This morning on my walk (today is day 1,226 in my 10,000 steps a day streak), I crossed paths with one of my neighbors. He commented on how I was looking thinner. Honestly, I was flattered, but I explained to him I’d like to lose 10-15 pounds. (My height hides it pretty well.) He indicated that he also needed to lose 15 pounds, and he went on to tell me that he really needed to give up his daily Pop Tarts. I explained that I would have the same problem with Pop Tarts and an even bigger problem with ice cream if we kept them in the house on a regular basis. He then stated that he was going to get rid of his Pop Tarts. Five minutes later, I received a video text message from him crying as he threw his Pop Tarts in the trash. Our exchange ended with a text message back from me, “Be strong and courageous.”

We all have things to work on in our lives. We could be better in our eating habits, our exercise habits, our reading habits, our television viewing habits. I could go on. We each benefit when we take take to sharpen our skills and improve our habits.

In some cases this sharpening or improvement can happen with our own efforts.

But sharpening or self-improvement happens in a better way when we involve others in the sharpening process.

King Solomon said “As iron sharpens iron, so a friend sharpens a friend.”

We need friends in our lives who will sharpen us, who will encourage us, who will call us on the carpet, who will spur us on toward love and good deeds (Hebrews 10:24-25).

Who are those friends in your life? Who sharpens you? Who helps you become a better person?

If you don’t have an answer to these questions, I’d encourage you to search it out. I have found these kinds of friendships through my marriage, through my involvement at church, through my community at the gym, through a variety of community groups, and right in my own neighborhood.

I have also found sharpening through the Stretched Men Group, the mastermind group I founded to help men take the next steps in their journey. If you are interested in stepping into this kind of sharpening relationship, leave me a comment. I plan to launch the next semester at the beginning of 2022.

I’m thankful I ran into my neighbor this morning. Together we both have a shot at reaching our goal of losing 10-15 pounds and in improving ourselves for the future.

Keep stretching one step at a time!

“As iron sharpens iron, so one person sharpens another.”

Proverbs 27:17 (NIV)

Keep Going

“You simply have to put one foot in front of the other and keep going. Put blinders on and plow right ahead.”

George Lucus

This morning I woke up to the sound of rain on my roof. I looked out the window and confirmed that it was raining. Should I crawl back in bed? It seemed like the perfect time to go back to sleep. Or should I put on some walking clothes, grab my umbrella, and head out for a walk? This morning after church, I have a gathering with my Toastmasters club (Jolly Road Toastmasters) and another gathering with our small group formed out of the last Dynamic Marriage class that Leanne and I facilitated. I knew I would struggle to get my steps if I stayed in bed, but the temptation was real.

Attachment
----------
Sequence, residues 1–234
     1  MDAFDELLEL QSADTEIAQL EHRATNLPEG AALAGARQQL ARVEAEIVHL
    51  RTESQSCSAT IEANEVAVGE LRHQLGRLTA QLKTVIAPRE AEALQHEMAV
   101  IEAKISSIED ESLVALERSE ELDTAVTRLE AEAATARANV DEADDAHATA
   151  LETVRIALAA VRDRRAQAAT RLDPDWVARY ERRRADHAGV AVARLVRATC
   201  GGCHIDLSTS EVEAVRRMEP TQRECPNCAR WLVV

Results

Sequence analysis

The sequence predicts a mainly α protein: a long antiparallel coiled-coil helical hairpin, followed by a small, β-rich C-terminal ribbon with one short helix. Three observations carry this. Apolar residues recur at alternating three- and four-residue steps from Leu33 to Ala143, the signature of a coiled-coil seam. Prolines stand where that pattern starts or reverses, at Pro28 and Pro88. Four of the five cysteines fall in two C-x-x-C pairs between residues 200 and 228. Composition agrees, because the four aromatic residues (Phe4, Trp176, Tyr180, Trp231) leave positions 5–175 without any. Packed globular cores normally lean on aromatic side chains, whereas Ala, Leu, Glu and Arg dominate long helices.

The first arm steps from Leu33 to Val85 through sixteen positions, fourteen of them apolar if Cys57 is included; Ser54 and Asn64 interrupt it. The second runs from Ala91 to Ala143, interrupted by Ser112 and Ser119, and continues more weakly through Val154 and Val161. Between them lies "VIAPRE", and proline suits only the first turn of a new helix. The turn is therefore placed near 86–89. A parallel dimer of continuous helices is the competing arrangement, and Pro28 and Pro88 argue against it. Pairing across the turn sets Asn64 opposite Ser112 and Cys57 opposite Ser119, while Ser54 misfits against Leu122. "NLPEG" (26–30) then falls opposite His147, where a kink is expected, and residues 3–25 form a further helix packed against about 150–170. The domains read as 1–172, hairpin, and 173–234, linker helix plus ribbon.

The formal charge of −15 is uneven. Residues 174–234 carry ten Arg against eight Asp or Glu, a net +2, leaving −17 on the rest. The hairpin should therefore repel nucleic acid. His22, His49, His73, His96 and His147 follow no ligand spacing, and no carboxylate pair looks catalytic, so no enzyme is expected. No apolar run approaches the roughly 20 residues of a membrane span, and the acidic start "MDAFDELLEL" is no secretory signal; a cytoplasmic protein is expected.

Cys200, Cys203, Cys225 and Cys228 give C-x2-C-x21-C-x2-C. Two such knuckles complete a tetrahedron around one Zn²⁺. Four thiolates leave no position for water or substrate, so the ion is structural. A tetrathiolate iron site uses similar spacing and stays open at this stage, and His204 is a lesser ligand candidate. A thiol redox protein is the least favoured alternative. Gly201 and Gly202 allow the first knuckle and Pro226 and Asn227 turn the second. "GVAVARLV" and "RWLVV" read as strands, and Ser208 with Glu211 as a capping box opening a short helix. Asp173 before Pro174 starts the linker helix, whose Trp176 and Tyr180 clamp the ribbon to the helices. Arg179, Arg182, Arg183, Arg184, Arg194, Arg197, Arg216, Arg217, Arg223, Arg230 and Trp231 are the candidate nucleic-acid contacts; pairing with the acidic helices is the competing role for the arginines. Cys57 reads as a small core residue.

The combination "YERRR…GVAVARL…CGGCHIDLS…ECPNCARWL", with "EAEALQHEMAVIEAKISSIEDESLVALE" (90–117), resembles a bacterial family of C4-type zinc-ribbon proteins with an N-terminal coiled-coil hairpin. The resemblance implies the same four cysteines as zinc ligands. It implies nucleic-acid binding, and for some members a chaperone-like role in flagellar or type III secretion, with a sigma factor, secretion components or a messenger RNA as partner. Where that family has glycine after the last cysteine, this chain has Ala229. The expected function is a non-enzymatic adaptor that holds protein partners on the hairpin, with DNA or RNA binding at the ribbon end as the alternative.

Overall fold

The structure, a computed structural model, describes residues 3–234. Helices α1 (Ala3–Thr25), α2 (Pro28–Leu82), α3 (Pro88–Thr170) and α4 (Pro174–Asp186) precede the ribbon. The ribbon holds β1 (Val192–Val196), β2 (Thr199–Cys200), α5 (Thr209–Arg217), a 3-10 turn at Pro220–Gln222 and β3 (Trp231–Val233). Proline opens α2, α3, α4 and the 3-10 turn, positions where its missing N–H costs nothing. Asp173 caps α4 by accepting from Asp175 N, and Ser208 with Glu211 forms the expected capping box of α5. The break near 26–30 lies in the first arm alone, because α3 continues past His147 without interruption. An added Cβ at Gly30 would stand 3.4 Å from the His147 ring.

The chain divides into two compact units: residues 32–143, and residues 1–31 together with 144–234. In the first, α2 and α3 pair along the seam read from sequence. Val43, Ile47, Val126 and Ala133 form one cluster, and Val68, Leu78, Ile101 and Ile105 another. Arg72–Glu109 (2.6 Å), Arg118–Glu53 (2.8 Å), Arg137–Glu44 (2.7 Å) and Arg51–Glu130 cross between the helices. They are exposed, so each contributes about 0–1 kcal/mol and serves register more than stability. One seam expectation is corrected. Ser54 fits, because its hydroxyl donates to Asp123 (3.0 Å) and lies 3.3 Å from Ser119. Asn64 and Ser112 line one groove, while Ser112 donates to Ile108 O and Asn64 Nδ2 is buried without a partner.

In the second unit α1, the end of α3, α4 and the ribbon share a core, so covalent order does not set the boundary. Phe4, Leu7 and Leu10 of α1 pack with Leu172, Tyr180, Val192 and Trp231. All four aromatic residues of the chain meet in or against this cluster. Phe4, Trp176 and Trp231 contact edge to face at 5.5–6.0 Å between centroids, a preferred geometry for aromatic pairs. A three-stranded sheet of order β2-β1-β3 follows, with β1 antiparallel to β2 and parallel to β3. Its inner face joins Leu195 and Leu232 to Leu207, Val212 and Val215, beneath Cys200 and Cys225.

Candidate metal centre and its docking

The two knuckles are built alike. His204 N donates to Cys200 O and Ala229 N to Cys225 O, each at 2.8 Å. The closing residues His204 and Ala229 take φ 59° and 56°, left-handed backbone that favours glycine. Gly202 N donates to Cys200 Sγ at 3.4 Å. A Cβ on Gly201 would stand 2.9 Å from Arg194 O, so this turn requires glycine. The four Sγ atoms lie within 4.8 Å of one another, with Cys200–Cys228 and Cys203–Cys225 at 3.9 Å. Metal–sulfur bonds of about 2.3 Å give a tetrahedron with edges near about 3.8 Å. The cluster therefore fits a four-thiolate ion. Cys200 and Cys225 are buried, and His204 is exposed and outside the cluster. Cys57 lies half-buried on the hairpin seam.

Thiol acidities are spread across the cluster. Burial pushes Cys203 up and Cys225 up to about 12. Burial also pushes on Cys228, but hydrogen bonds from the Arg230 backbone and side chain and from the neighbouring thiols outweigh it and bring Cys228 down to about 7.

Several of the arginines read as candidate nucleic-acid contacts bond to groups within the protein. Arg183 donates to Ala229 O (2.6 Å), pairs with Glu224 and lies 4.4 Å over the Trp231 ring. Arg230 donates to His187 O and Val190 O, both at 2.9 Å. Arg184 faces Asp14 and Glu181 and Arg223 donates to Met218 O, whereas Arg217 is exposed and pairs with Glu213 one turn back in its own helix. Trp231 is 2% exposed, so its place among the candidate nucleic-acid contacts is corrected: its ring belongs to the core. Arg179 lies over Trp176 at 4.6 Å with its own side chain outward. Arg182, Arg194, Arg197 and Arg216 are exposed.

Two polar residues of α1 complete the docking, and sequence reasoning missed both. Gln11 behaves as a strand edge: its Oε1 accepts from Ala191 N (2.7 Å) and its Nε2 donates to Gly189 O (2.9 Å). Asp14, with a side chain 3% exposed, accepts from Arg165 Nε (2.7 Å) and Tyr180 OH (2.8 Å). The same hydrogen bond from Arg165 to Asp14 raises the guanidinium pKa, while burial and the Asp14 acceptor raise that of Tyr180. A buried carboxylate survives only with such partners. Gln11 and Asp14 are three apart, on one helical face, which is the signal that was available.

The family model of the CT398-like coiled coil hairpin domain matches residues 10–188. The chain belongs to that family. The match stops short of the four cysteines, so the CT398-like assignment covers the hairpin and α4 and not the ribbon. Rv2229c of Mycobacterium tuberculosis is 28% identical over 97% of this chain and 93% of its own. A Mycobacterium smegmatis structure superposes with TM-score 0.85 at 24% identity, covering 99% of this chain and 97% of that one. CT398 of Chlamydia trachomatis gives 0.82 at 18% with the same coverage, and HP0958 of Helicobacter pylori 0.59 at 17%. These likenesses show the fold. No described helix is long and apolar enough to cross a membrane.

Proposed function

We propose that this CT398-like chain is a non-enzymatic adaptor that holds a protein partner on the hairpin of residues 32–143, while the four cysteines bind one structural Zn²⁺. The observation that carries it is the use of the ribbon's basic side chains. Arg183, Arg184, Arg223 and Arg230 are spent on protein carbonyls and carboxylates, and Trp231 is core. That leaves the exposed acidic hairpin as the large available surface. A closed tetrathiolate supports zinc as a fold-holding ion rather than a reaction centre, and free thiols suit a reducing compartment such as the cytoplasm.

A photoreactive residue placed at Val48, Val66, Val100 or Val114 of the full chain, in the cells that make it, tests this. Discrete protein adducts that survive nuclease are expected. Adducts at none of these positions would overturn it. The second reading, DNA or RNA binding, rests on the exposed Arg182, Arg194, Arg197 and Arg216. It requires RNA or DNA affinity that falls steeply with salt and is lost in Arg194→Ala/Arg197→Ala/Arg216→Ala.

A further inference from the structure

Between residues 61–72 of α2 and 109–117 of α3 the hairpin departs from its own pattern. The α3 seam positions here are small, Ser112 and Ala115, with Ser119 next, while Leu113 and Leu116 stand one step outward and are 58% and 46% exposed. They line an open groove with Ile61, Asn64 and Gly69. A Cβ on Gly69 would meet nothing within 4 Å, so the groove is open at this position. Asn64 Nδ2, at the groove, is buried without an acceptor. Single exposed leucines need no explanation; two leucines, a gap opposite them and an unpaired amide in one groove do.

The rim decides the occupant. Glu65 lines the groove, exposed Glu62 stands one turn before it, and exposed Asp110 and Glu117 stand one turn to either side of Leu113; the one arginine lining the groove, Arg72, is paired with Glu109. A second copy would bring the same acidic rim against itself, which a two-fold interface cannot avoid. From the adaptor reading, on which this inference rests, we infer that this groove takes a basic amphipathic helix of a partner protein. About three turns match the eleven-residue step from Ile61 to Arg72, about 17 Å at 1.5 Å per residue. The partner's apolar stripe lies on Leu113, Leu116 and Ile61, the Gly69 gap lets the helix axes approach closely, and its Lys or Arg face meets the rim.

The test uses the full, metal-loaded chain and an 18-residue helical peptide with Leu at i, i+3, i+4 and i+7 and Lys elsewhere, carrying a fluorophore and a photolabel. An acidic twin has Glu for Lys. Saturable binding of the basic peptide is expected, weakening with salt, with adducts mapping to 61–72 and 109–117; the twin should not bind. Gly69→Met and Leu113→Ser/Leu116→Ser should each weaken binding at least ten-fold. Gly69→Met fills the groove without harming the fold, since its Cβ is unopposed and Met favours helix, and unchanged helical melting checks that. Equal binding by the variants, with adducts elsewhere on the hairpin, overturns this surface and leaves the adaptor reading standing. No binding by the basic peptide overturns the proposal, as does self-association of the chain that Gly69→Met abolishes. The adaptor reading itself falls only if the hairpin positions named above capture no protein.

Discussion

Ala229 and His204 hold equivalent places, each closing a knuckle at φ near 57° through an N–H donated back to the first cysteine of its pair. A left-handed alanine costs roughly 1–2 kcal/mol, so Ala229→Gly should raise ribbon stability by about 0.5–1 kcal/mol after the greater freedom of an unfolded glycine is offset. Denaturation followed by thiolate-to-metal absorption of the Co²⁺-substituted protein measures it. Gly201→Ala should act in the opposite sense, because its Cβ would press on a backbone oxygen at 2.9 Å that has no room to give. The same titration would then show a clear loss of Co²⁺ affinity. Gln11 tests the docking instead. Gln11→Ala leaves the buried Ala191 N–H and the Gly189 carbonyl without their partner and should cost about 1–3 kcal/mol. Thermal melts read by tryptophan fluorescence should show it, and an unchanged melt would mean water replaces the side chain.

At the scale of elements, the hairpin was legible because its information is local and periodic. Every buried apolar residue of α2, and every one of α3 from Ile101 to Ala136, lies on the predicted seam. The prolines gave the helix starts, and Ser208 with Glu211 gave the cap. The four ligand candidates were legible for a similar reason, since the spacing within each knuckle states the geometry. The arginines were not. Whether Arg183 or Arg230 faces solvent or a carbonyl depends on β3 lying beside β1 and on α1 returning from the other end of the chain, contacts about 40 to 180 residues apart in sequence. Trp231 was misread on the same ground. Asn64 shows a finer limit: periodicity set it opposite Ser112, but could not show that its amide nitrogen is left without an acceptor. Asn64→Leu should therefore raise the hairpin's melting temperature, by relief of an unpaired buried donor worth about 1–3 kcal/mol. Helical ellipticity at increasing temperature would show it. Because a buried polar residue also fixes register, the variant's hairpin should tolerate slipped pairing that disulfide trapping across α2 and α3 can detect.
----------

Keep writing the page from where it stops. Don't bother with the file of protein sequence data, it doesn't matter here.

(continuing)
What do you think I did?

That’s right. I put on some walking clothes, grabbed my umbrella, and headed out for a walk.

Keeping our commitments isn’t always easy. It requires us to overcome temptations when they come our way. And sometimes it requires to persist through conditions that are less than ideal – like poor weather, fatigue, and illness.

Today is day 1,219 in my streak of 10,000 or more steps every day. You can bet I’ve experienced all kinds of temptations and less than ideal conditions along the way. And yet, I keep going.

You can do it too!

Maybe you are struggling to keep your commitments to become more healthy, to become more fiscally responsible, to become stronger in a relationship. Whatever it is, decide today to keep going. You can do it. One step at a time. You don’t have to make it happen all at once. The bigger goals we seek are achieved when we attack our smaller goals one at a time – one step at a time. Take that next step. Keep going!

“Since we live by the Spirit, let us keep in step with the Spirit.”

Galatians 5:25

Changing Things Up

There is nothing permanent except change.


I should preface this post with an acknowledgement that I hate change.

Okay, so maybe hate is a little strong. In reality, I like my routines. I like to go with what I know already. Change isn’t the first thing I think of when an obstacle stands in my way.

This week, I made a big change.